Halifax has reported that house prices in the last three months to January were 2.2% higher than in the same three months a year earlier, although the annual change in January was lower than in December (2.7%).
House prices remained unchanged in the recent quarter (November-January) from the previous quarter (August-October); on this measure prices are down from the 1.3% quarterly rise recorded in December.
On a monthly basis, prices fell for the second consecutive month in January (by 0.6% following a 0.8% decrease in December).
The average price of £223,285 at the beginning of the year is 1.9% higher than in January 2017 (£219,217), however, the current price has edged down after recording £226,408 – highest on record – in November.
>Russell Galley, managing director, Halifax Community Bank, said: “Annual house price rises have slowed from 2.7% in December to 2.2% in January – the lowest rate since July last year. We’ve seen a monthly decline as well as the quarterly rate of growth flattening out.
“Although employment levels grew by 102,000 in the three months to November, household finances are still under pressure as consumer prices continue to grow faster than wages. Additionally, it’s still too early to see any impact for first-time buyers from the abolition of stamp duty on purchases of up to £300,000, which was announced in the November Budget.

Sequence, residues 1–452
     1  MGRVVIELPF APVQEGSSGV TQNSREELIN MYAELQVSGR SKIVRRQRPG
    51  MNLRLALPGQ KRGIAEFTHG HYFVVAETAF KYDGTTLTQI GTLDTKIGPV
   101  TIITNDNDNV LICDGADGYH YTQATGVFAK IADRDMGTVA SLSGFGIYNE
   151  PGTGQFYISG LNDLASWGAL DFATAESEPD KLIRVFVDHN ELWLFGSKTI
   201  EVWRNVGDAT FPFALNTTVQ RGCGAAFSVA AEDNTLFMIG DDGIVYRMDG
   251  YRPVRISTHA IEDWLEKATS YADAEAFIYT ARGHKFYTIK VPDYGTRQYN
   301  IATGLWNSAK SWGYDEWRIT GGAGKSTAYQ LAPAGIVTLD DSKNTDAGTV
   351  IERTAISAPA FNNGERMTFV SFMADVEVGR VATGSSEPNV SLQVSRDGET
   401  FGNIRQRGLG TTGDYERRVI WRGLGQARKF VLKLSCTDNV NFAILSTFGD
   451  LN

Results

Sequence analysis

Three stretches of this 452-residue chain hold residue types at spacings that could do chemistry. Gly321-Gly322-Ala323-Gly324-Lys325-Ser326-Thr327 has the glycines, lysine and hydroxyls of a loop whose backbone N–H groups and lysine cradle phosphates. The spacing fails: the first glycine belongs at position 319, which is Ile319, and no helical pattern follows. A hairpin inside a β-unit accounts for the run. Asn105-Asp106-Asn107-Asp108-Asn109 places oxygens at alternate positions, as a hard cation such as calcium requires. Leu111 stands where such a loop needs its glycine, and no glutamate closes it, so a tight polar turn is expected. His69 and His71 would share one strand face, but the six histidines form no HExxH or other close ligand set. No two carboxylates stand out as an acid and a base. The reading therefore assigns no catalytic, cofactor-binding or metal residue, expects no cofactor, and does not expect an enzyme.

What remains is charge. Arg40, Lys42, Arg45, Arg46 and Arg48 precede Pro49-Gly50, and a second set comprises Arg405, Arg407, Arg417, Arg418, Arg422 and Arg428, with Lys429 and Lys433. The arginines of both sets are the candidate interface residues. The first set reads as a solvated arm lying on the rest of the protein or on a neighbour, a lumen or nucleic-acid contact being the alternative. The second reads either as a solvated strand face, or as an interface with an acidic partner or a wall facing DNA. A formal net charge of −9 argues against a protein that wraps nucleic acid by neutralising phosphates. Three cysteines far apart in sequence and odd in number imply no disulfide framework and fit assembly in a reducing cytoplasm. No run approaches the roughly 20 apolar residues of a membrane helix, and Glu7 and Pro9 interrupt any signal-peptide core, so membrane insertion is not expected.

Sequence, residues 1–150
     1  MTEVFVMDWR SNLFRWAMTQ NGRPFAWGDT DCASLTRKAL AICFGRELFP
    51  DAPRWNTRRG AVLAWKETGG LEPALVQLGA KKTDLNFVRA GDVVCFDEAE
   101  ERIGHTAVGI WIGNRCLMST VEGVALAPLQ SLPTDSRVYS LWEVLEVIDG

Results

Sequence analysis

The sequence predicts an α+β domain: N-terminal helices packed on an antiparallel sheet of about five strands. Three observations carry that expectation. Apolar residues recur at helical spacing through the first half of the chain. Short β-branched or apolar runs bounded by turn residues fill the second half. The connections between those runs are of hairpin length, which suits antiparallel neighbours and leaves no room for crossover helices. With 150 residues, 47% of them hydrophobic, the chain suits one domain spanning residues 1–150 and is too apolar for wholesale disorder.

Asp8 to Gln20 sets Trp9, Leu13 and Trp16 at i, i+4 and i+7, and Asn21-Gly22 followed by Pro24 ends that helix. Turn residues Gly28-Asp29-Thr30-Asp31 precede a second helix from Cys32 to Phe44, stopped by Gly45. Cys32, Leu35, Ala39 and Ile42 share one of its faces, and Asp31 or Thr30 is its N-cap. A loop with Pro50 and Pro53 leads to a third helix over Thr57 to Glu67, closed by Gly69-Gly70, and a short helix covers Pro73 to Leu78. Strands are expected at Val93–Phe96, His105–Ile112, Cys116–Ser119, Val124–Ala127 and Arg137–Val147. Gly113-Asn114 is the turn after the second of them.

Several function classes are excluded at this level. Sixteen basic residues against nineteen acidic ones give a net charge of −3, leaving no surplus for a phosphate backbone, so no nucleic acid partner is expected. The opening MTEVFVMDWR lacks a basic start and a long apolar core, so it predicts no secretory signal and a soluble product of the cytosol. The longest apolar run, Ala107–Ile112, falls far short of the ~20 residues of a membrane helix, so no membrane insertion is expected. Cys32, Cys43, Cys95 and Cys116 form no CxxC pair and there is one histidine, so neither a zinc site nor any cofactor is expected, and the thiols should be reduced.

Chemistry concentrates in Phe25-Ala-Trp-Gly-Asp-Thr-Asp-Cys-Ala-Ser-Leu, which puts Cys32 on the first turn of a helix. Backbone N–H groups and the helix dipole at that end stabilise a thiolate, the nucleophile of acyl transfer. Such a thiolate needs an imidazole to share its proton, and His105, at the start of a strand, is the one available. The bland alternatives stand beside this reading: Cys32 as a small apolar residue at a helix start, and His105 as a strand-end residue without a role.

“Despite the recent rise in the Bank of England Base Rate, mortgage rates are still very low. This, combined with an ongoing acute shortage of properties for sale, will continue to underpin house prices over the coming months.”
Jeff Knight, director of marketing at Foundation Home Loans, added: “Wage growth remains stagnant and, while consumer confidence levels started the year relatively buoyant, the stamp duty cut for first-time buyers won’t yet have had a significant impact on prices – though we’ll be keeping a close eye on regional patterns that do start to emerge.”
“Continued attractive mortgage rates boosting demand will always inflate prices to an extent, and the ongoing issue of poor housing supply still means lack of choice for potential buyers. Affordable homes does not always mean home ownership, so in the meantime it’s also important to ensure the rental market is being equally supported. Once again, concentrated efforts are needed to improve the quality and choice of rental homes for tenants and landlords respectively.”